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STAR PLAYERS SURPASS 1915 PERFORMANCE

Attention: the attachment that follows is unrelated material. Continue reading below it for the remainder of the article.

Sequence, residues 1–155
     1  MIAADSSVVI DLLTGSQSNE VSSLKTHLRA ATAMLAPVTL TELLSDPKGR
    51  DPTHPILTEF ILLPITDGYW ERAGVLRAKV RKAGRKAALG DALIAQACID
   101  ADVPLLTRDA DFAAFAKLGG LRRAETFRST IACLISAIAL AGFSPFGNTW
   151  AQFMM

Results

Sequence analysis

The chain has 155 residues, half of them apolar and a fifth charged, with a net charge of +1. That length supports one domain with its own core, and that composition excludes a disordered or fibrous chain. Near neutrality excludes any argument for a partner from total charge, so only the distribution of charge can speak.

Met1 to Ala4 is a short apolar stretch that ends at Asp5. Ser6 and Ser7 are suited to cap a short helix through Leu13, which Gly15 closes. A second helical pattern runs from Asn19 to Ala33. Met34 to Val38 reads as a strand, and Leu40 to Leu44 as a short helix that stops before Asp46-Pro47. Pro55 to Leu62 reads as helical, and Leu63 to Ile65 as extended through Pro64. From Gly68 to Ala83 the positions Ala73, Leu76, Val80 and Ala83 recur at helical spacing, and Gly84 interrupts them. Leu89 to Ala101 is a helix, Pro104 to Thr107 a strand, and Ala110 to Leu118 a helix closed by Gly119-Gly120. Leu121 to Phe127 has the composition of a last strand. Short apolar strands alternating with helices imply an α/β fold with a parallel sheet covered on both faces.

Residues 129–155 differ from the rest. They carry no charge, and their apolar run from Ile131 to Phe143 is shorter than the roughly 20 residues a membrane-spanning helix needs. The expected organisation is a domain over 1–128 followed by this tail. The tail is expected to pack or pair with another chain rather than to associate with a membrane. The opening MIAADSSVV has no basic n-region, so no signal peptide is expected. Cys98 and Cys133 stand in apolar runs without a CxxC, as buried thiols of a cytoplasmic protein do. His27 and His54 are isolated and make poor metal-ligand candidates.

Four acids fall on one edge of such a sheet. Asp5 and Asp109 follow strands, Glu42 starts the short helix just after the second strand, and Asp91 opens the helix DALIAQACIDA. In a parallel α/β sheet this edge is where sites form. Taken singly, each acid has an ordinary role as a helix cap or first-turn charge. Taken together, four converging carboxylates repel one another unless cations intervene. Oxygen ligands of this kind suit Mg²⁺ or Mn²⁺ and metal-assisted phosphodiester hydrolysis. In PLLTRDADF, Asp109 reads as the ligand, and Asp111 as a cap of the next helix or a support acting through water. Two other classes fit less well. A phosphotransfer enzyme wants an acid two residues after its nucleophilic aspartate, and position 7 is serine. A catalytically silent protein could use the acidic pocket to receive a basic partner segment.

Tt T m. im. m yj 4 I ■ m $ 4S$'£ : > ?■ ÿ: M % V & V v & VlCtSAZÇX : ÿ'v 3* *J//TI&X1K£R. i (Si:'; t Sate-:# I t by. •• (sm m mm m! v t* m ■*??>£ 4 ■a*«***' ^ ss Sf ». mztftnzwzur jy&srK TT I ) my & M 7 o »T \ IDOLS OF CHICAGO FANS. Joe Tinker, Johnny Evers, Jimmy Sheckard, Artie Hoffman, Harry Stein feldt and Frank Chance were idols on the West side In the pennant winning days, but it is doubtful if they com manded more admiration than Cy Wil liams, Frank Schulte, Helnie Zimmer man, Jimmy Archer and Vic Saier are getting at present on the North side from the Cub fans, writes Oscar Rei chow in Chicago Daily News. These men have won the respect of the fol lowers through their earnest efforts and brilliant playing and richly de serve what they are getting in the way of applause and encouragement. Fans were somewhat worried before the opening of the season whether Zimmerman, Williams, Saier, Schulte and Archer would play up to their standard for Manager Tinker. They have learned since that these star play BIG IMPROVEMENT OF YANKS Mighty Bat of John Franklin Baker Great Factor in Winning Games for New York Team. John Franklin Baker, the home-run artist, did not live up to his reputa tion as a slugger in the early games in which the Yankees participated. % $ Tv. mm i § * ■/ ■ v:> \ » I m s . à J. Franklin Baker. Lately, however, the noted walloper has been hitting the ball with his ac customed vigor. The Yankees have shown a big improvement with Baker in t$e ranks and his mighty bat is bouivl to be a great factor in winning games for them. PLAY AFTER THREE ARE OUT Batter Hit Home Run, With Bases Full, After Side Had Been Re tired—Umpire Asleep. They must play a lively wideawake sort of game in the Ohio State. In a recent Frankfort-Maysville game, after three men were out a batter hit a homer with the bases full. After all four men had crossed the plate some body aroused enough from his nap to acquaint the sleepy umpire and play ers that it was against the rules of the game to require four outs, so the umpire said the runs didn't count PITCHER WORKS IN "MOVIES tf Rather Than Join Vancouver Team He Secures Engagement With a Mov ing Picture Concern. Ralph Works, who used to pitch for the Detroit Tigers, does not have to play ball in order to earn a living. He was released by the Los Angeles club the other day and ordered to report to the Vancouver club. But he did not follow instructions. He Just breezed up to Santa Barbara and joined a moving picture company at a salary which he claims is fatter than any he ever received as a diamond performer. Seven Hits in One Day. Seven good base hits in one day is some record. Russell Blackburne of Toronto made it in a recent double header with Montreal. He got five hits, three of them doubles, In the first game, and two singles in the second. Mrs. Dunn is a Fan. Mrs. James Dunn, wife of the Cleve land president, is some fan. She has had a ticker installed in their home so she may receive promptly the baseball returns when the Indians are away from home. ers are surpassing their 1915 perform ance in every respect and it has been their combined assiduous efforts that have kept the club in a position to bat tle for a first division place. It has been years since the Cub fans have looked at such playing as Williams, Schulte, Saier and Zimmerman have been supplying to date. From close observation one is almost compelled to say that the task of keep ing the Cubs in the race will fall upon Zimmerman 4 Williams, Schulte and Saier. Their batting is the big point. If they can keep It up and the twirlers hold up their end the Cubs are certain to be on top or near at every stage of the skirmish. What they have accom plished to date is sufficient proof of that, and it is doubtful if four men can be found in the National league to equal the work they are doing. DIAMOND NOTES If baseball Is really better now than it used to be one feels sorry for fa ther. 0 0 0 About the best thing that Dutch Zwilling can do as a pinch hitter is foul out • • • It's hard to make the enthusiastic fan think everything is wrong on the day the home team wins. * • * Seven National league managers would like to see President Wilson or der the Phils to Mexieo. * * * Weather man has hurt the big leagues more this season than the Federal league man did last year. * * * It will be a fairer deal all around in the American league when there's a Coveleskie pitching on each team. * • • Charles Ebbets graciously allows all soldiers in military uniform the cour tesy of Ebbets field without paying. ..* • * ( Nobody, however, except the gentle man himself, knows how to pronounce the name of Pitcher Luque of Louis ville. • * * Here's what a baseball owner said the other day: *'I would pay more at tention to baseball, If it wasn't fer golf. • j • * • . Connie Mack owns no diploma, but he makes 15 or 20 highly educated university youths jump through his fingers. • * * V Oh, yes, Hans Wagner is an old man. All of the guides tell you that, but you would never secure such an impres sion by his work in the field. * * * To the great diappointment of every American league member, Tyrus R. Cobb is not a member of the National Guard of Georgia. • * • Somebody will swear cut a warrant for those Cub pitchers pretty soon on a charge of vagrancy, since they have no visible support « • • No ; the leading professions won't be overcrowded with new college gradu ates as long as Connie Mack is try ing to build a team. Perhaps it was just common sense that enabled the Cleveland club to land Fred Beebe at the time they needed him so much. ^ • • • Babe Ruth of the Red Sox has a wicked way of feeding baseballs to right-field bleacherites. Wonder if he knows those pills cost $1.25 per. * * * It is understood that several big league managers have written to Sec retary Baker at Washington, asserting that they could tip off a number of soldiers" to him. • • • The Pirates have Honus Wagner, the king of pastimers ; Max Carey, the king of base stealers, and A1 Mamaux, crown prince among pitchers. But it's tough year on royalty. . • » * Every time Lee Magee makes a hit or two in a game he Is accused of finding his batting eye. If they'd let Lee alone long enough to find it fcfl'd find it _er TWO STRICT MANAGERS Castigations Given Players Are Like Father's Reproofs. Nothing They Resent So Much as Newspaper Criticism of Boys Play ing for Them—Will Not Tolerate Interference. McGraw, manager of the New York National league baseball club, Is very strict with his players, but they all swear by him, for they know that he is on the level" with them. The same thing is true of McGraw's old side partner, Hughie Jennings. They may call" their players unmercifully, in the heat of a diamond battle for some bad mistake, but such castigations are like a father's reproofs to his sons, and bear no ill will. Let someone else offer criticism, and these two managers will fight back just like a parent would were his sons attacked. There is nothing they resent so deep ly ns newspaper criticism of their play ers. They assume that they can con duct their own baseball households without outside interference, and os they are the parties responsible for the showing of the teams, they propose to do it. Both are very hotheaded, and for this reason their seats on the bench are isolated and shiny—the former condi tion due to discretion on the part of the players, and the latter to nervous hitching about, incited by the manag erial view of various plays. If some unlucky wight out on the diamond happens to err, a colleague roosting close to the manager is likely to be the »* ■ ***** m - $ >•; Manager John. McGraw. recipient of a spontaneous and un thinking broadside for something not his fault, simply because the mana ger's mind must be freed. The actual offender generally escapes, because so many things happen before he gets back to the bench that his slip is for gotten. McGraw strives eternally to drill his baseball knowledge into the brains of his players. The thing he most abhors is a "bonehead" play. It is for such m \ mw t 4 T mm m m ZÆ& x- ■ $ ■....—. ^.. .—A -V.. Manager Hugh Jennings. that he chides his Giants, not for the sort of errors that go into the box scores. If his team should play ortho dox baseball, and yet lose the entire 154 games of a schedule, he would not whimper. But if a single game is lost through mental inability to grasp a situation, he raves. He cannot stand that—Popular Magazine. RESENTS JOSHING ABOUT AGE Speaker Says Doesn't Matter If Hair Is Getting Gray, So Long aa He Continues at Top Speed. Tris Speaker resents being joshed about his age. He says that just so long as he continues ta go at top speed it really does not matter how much the fans "ride" him because his hair is gray, but that it hurts when he is going bad. Speaker refuses to divulge his exact age, but declares that he has been gray since he was seven« teen years of age, and that he is not yet thirty. Few fans will believe that Tris Is as young as he would like to have people believe, but, after all, what does lt matter? He is playing the greatest game of his career, and until he starts to slip the fans in Cleve land will not worry about his graj hair. Job for Mullaney. Dominick Mullaney, former Amert* can league umpire, has been appointed superintendent of a new public play ground at Jacksonville, Fla. He will lay out the diamonds and have charg« of amateur games under the auspice? of a municipal commission. Frank Chance in Luck. Frank Chance Is meeting with soms luck in thd- Pacific Coast league race, His Los Angeles team is fighting right around the top and the Peerless Lead* _er is feeling mtich better TWAIN MADE PAPER FAMOUS Virginia City Enterprise, Now Defunct, Printed Some of the Best Work of Great Humorist To only the old or middle-aged will there be anything significant in the announcement that the Enterprise newspaper at Virginia City, Nevada, has passed away. The Enterprise was not potent as a molder of public opin ion. Its circulation was not notable, and outside of the state few people knew of Its existence. But It had once one member of the staff who made It famous In his day and who himself later became famous. . f. It was the Enterprise on which Mark Twain first used that name which af terward became a household word. He had contributed articles from min ing camps under the pseudonym of Josh," but when he joined the staff ,lie adopted as sobriquet "Mark Twain," a reminiscence of his pilot days. As new "strikes" were made the newspaper office was moved first from Genoa to Carson and Inter to Virginia City. One can visualize Mark In the En terprise office of the '60s, his long legs twisted about the tilted chair, the old hat on his great brush of hair, writ ing some such matter as "Mr. Bloke's Item," swapping stories with Dan de Quille, or listening to the quaint ver nacular of visiting miners or prospec tors. It was there he began the first of those experiences which were to en rich the literature of the country and. to teach a tired world how to laugh. The Enterprise is gone, but so are the Oil City Derrick, the Laramie Boom erang, and the Danbury News, at least no one now hears of them since the hümorists who made the reputation? of those Journals have passed away. How the increase in the cost of liv fng has progressed in the last thirty or forty years was discussed by Gov. J. B. Kendrick of Wyoming, an old stockman, who has watched the march of events. Today a chicken is worth more than a turkey was a few years ago ; a turkey more than a hog ; a more than a cow used to be worth, and a cow more than a horse. This illus-1 When Cows Sold at $15. hog trates the increase in the price of food stock. In March, 1879, I went down to Texas to look over two thousand head of steers in Matagorda county, south- | ern Texas," Governor Kendrick said, I according to the Washington Post. While I was down looking over the young cattle I was naked by the man ager of the ranch if I cared to buy some older steers. The owner, I was told, had a number of six-year-old steers that he^ would sell, although he was not anxious. He was going to | hold them until he got his price, he declared. • * The manager impressed | upon me, however, that I need not hope to buy unless I was willing to | pay the owner's price. I asked the price, and was told that he wanted fifteen dollars a head, j Think of it—fifteen dollars a head for | six-year-olds, and today calves an bringing eighty-five dollars." M Gaslight in Oil Lamp. A war time substitute for the kero sene oil light has been provided in Germany in the form of a carbide candle which supplies the old lamp with acetylene gas, the Columbia State notes. The candle is a cylinder having a suitable gas burner at the top and a removable cover at the bottom, and holding two or three ounces of cal cium carbide. It is set into the lamp after the oil burner has been removed. In operation the font of the lamp is about half filled with water and the carbide filled candle Is placed in it, when the moisture reaching the car bide causes the generation of acety lene for a considerable time. The rate of emission of gas is regulated by vary ing the amount of water. A chalky residue is left on the exhaustion of I the carbide, but this is easily removed when dry or with suitable care, while still wet and in this state giving off a small amount of inflammable gas. The average cost of the carbide used is stated to be about a quarter of a cen' an hour. ^ , . . steamfltter about the cost of putting in a baptistry. The estimate was soon furnished, and the figure was regarded - « , I as satisfactory. « | Warm Religion. In an eastern city a pastor of a col ored church consulted a plumber and "But," said the plumber, "this cov ers only the tank and the water sup ply. Of course, you will want some ar rangement-to heat the water? But the colored pastor had a truly economic mind, and his own ideas of religion, also, for be promptly dis sented. ■ "You see," said he to the plumber, "I don't 'low to baptize nobody in that there baptistry that hain't got religion | enough to keep him warm."—Philadel phia Public Ledger. "K. of K." Feared Drowning. Lord Kitchener had a sort of fore- I boding of an accident at sea. much was this the case that he never crossed from Dover to Calais without | ^ wearing a lifebelt waistcoat, one that I he had specially made for him lu Egypt before he made his famous ad vance to Khartum. So in Though so often on the sea and an excellent sailor, he detested sea trips, and never felt comfortable on board ship. He complained that the sea affected his sight. Another curious point was that while he always acquired curios in any part of the world in which he might be, he took care never to allow his pur chase to be on the vessel on which he was a passenger. to ter Another Political Emblem. M What I propose, said ehe man who gets very much in earnest, "is a political organization that will he free from all selfish interest, laboring only for the highest ideals— "I know," interrupted the rude per You're goisg to start one of those sea-serpent parties. Whj» do you refer to it as a sea-ser pent party? Because there ain't no such ani ■ son. »» 4 >« mai. / STOP CALOMEL! TAKE DODSON'S LIVER TONE n t New Discovery! Takes Place of Dangerous Calomel—It Puts Your Liver To Work Without Making You Sick—Eat Anything—It Can Not Salivate—Don't Lose a Day's Work! I discovered a vegetable compound that does the work of dangerous, sickening calomel and I want every reader of this paper to try a bottle and if it doesn't straighten you up better and quicker than salivating calomel just go back to the store and get your money. I guarantee' that one spoonful of Dodson's Liver Tone will put your sluggish liver to work and clean your thirty feet of bowels of the sour bile and constipation poison which is clogging your system and making you feel miserable. I guarantee that one spoonful of this harmless liquid liver medicine will relieve the headache, bil iousness, coated tongue, ague, malaria, sour stom ach or any other distress caused by a torpid liver as quickly as a dose of vile, nauseating calomel, besides'it will not make you sick or keep you from Compulsory. Rear Admiral Peary, at a Washing I ton tea. talked about his recent Long | ^euch flying trip, when he fell 1,200 I thought that our swift descent was a P iec e of fancy flying. I am, in fact, as | ignorant of aviation as the little boy his teacher asked this little boy. It's very ancient,' he answered. Tt goes back to the time when they feet into the water without knowing it. "I wasn't frightened," he said. 'T | ignorant of history. 'Describe the Order of the Bath,' tt t didn't take no baths except by order.' " IMITATION IS SINCEREST FLATTERY J* ut counterfeit money the imita * l0 ? J 1 * 8 "J* w ? r * h „ of . th ® on f inal - the orig)nal . Darkena halr 8 to , he nataral way but contataB n0 dye . p r j ce $1.00._Adv. your car? Truth. What is your idea in trying to sell *» That's the only way I can raise enough money to buy gasoline." use to you after you've sold your But the gasoline won't be of any car." always be willing to let me ride in their cars if I furnish the gas. Oh, yes, lt will. My friends will •» important to mothers Examine carefully every bottle of CASTORIA, a safe and sure remedy for infants and children, and see that it In Use for Over 30 Years. Children Cry for Fletcher's Castoria in a is I Had Nothing on Youse. Will R. Youse, proofreader on a Muncie newspaper, was hailed by a friend as Youse was hurrying along the street the other day, it being one of the days that the state Sunday school convention was in session there. "Hey, Will ! Look at these nice bass I'm taking to the house to have baked, shouted the friend. Yep, they're all right, m said Yousè, as he started on, "but I got to get home in a hurry—we're going to have six Sunday school delegates for dinner."— Indianapolis News. COULD NOT SPEAK TO HER CHILDREN for 'T have been a great sufferer from asthma since I was thirteen years old," says Mrs. M. A. Mooney, 79 Carroll Nashville, Tenn. "Have been so bad many times that I could not speak to my chil dren nor make my wants known to them. I have taken three small bottles of Lung Vita, which has entirely cured . asthma." Mrs. Rubie Clark, 315 Oriole St., Nashville, Tenn., writes: "After hav ing three doctors to tell me I had tuber cu *°si s > I ,, can gladfy say that Lung-Vita I c ure d me* | These testimonials are taken from the many we have on hand telling what Lung Vita has done in cases of consumption, asthma, colds, croup, whooping cougn and grippe. If your dealer cannot supply you, order direct. Price $1.75. Booklet upon request. Nashville Medicine Co., Room 8 Sieger Building, Nashville, Tenn. Adv. St., my One Man's Wisdom. Growells—This morning I ordered the iceman to discontinue his visits, told the butcher to send us a supply of | salt pork, left word with the baker to send us bread at least three days old, instructed the mall man to deliver our mail but twice a week. Mrs. Growells—Why, John, what in I the name all | ^ rom doors and windows, remove I s P r l n S 8 from the bed, put some old Growells—And tomorrow morning I want you to remove all the fly screens brickbats in the mattress and have the water cut off from the bathroom. Mrs. Growells—What Is the matter with you, John Growells, are you crazy? Growells—Perish the thought, Mrs. Growells, perish the thought I I have never been saner in my life. I am simply fixing things so we can enjoy all the comforts of a month's sojourn in the country without leaving town. See? Private Quàrrels. Both chef and waiter were Irish and excitable. The waiter rushed back in to the kitchen, red with rage. You've done ft, now !" he said. "There is a customer kicking about the potatoes. He says they're no good. The/ve all got black eyes. Black eyes?" saief the cook. "Sure an' if they have it's no fault of mine. The bastes must Juvve been flghtin' af ter I put 'em in the pot! *■ . 11 H I Some men owe their success to their ability to pick out competent subor dinates. Sold for 47 years. For Pfalaria, Chills & Fever. Also a Fine General Strengthening Tonic. 60c and $1.00 at ail DruC Stores. 9 She SteUa-Vitæ Took and Gained 28 Pounds Mrs. Mattie Spain, of Mario, Okla., one of the vast number of women who have been saved by Stella-Vitae, Bays in praising this wonderfal remedy: "When I began using Stolla-Vitae I weighed but 82 pounds, and could hardly sit up to be weighed. Now I can work all day. feel better than I have in nine years, and have gained 28 pounds," Stella-Vitae is a godsend to suffering womanhood. It ives strength and health to the female organa, acts as a tonic on the nerves, restores vigor and brings the bloom of health to cheeks that are faded and pale. It is guaranteed. All dealers $1 a bottlss THACHER MEDICINE CO D> CHATTANOOGA, TENN. REFRESHMENTS WERE ON HIM Wail Street Man, Aptly Designated by Smart Youngster, Had to Acknowledge a Hit. Samuel O'Keefe, a retired Wall street man, is almost a daily visitor at the Hospital for Joint Diseases, One Hundred and Twenty-fourth street and Madison avenue. New York, where a friend is receiving treatment. There are many invalid children at the hos pital and Mr. O'Keefe often takes them candy, and on one memorable occa sion imported a consignment of char lotte russe. A day or two following the charlotte russe festival he visited the children's ward again, and was greeted by loud shouts of approval. His arrival was first noted by a little boy, said by the nurses to be "ns smart as a whip," who shouted gleefully: "Oh, look ! Here comes the char lotte rooster !" Under the circumstances Mr. O'Keefe felt that any further refresh ments ought to be "on him. it a a ■ ON FIRST SYMPTOMS use "Renovine" and be cured. Do not wait until the heart organ is beyond repair. nerve tonic. Price 50c and $1.00.—Adv. Renovine" is the heart and Shrewd Purchasing. Little seven-year-old Fred, who lives in one of Zanesville's suburbs, had been ailing and his mother oeciued that he needed a dose of castor oil. Fred was told that if he were to take the castor oil without complaint he would get five cents to spend for candy. Then his mother sent him to the cor ner drug store with 15 cents—10 cents for the oil and five cents 'for candy. Arriving at the drug store, Fred de cided to buy the sweetmeats first, and told the clerk that he wanted a nickel's worth of candy. "What kind of candy do you want? asked the clerk. "Gimme the kind you get the most for a nickel," answered Fred. The clerk complied, and then Fred said, rather reluctantly: "Now gimme some castor oil. I want the kind you get the least for a dime. be I ■ It is hard for a man with a griev ance, remarks Jerome, gritting his teeth, to stick to the truth. ! C f0 t f^Hol Weather Meats Ï30 1 m 110 too i 90 80 70 Veal Loaf, to serve cold: Cooked Corned Beef, select and appetizing. Chicken Loaf, Ham-Loaf and Veal Loaf, delicately seasoned. Vienna Sausage, Genuine Deviled Ham and Wafer Sliced Dried Beef for sandwiches and dainty luncheons. 60 I 30 40 Î5 5 30 * 20 Imitl on Libby '* ai yoat gtocer '* JO 0 10 20 30 40 30 Libby, McNeill & Libby, Chicago 60 O a day's work. I want to see a bottle of this won derful liver medicine in every home here. , Calomel is poison—it's mercury—it attacks the bones, often causing rheumatism. Calomel is dan gerous. It sickens—while my Dodson's Liver Tone is safe, pleasant and harmless. Eat any thing afterwards, because it can not salivate. Give it to the children because it doesn't upset the stom ach or shock the liver. Take a spoonful tonight and wake up feeling fine and ready for a full day's work. Get a bottle! Try it! If it doesn't do exactly! what I say, tell your dealer to hand your money back. Every druggist and store keeper here knows me and knows of my wonderful discovery of a vegetable medicine that takes the place of danger ous calomeL—Adv. Worth Preserving. "A citizen chased a pickpocket nine blocks yesterday and caught him. "My ! The pickpocket must have taken something valuable from the cit izen." Yes. His wallet held only two one dollar bills in currency, but it also contained some snapshots of fish the citizen caught this summer. ■ ■ Insinuation. "Don't you know," said Omar, *T once marched in a procession that took seven hours to pass a given point" "Of course," rejoined Heiny, "the given point was a saloon. Disagreeable and Oangerous Troubla is Diarrhoea, but a speedy and certain • cure is found in Mississippi Diarrhoea Cordial. Price 25c and 50c.—Adv. Pa's Opinion. "Pu," asked little Sammy Twobble, "what is a misnomer? "My son," answered Mr. Twobble, whose idea of having a good time is to take a nap in an easy chair close to an electric fun, "I should say the average pleasure resort is a misno mer. " ■ Just the Thing. Do you consider journalism proper work for a lady?" Why not? All women have a fond ness for press work." To Fortify the System Against Summer Heat Many users of Grove's Tasteless Chill Tonic make it a practice to take this old standard remedy regularly to fortify the 9ystem against the depressing effect of summer heat, as those who are strong withstand the heat of summer better than those who are weak. Price 50c. Just Like a Man. This overheard conversation could be re-related in two lines, but we are stringing it out a little longer. I wish you'd get your life insured," said a lady. Why shotild I?" growled the man. If you should die, you'd want to know that I was provided for, wouldn't you?" "Yes—but I'm bound to outlive you." "There, that's just like you—always looking on the dark side!" - I In Case of Rain. Having lunch on the kitchen floor makes a fair substitute for a picnic.— Louisville Courier-Journal.